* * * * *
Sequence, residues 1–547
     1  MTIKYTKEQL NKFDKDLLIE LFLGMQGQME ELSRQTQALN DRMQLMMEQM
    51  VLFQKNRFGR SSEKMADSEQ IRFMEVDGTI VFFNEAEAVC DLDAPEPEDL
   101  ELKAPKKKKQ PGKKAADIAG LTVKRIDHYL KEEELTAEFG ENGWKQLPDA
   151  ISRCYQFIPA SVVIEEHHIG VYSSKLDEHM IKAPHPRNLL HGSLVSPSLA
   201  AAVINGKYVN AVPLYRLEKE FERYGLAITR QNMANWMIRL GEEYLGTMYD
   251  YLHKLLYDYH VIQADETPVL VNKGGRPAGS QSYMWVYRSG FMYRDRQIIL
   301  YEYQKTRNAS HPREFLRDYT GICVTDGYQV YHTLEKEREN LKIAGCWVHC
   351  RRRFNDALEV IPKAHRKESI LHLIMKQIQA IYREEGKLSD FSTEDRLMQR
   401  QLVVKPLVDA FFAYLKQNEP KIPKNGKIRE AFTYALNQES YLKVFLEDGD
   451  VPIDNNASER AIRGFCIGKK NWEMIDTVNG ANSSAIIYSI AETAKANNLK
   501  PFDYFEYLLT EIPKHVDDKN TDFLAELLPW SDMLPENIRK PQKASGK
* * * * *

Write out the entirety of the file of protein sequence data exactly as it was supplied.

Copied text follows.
Sequence, residues 1–547
     1  MTIKYTKEQL NKFDKDLLIE LFLGMQGQME ELSRQTQALN DRMQLMMEQM
    51  VLFQKNRFGR SSEKMADSEQ IRFMEVDGTI VFFNEAEAVC DLDAPEPEDL
   101  ELKAPKKKKQ PGKKAADIAG LTVKRIDHYL KEEELTAEFG ENGWKQLPDA
   151  ISRCYQFIPA SVVIEEHHIG VYSSKLDEHM IKAPHPRNLL HGSLVSPSLA
   201  AAVINGKYVN AVPLYRLEKE FERYGLAITR QNMANWMIRL GEEYLGTMYD
   251  YLHKLLYDYH VIQADETPVL VNKGGRPAGS QSYMWVYRSG FMYRDRQIIL
   301  YEYQKTRNAS HPREFLRDYT GICVTDGYQV YHTLEKEREN LKIAGCWVHC
   351  RRRFNDALEV IPKAHRKESI LHLIMKQIQA IYREEGKLSD FSTEDRLMQR
   401  QLVVKPLVDA FFAYLKQNEP KIPKNGKIRE AFTYALNQES YLKVFLEDGD
   451  VPIDNNASER AIRGFCIGKK NWEMIDTVNG ANSSAIIYSI AETAKANNLK
   501  PFDYFEYLLT EIPKHVDDKN TDFLAELLPW SDMLPENIRK PQKASGK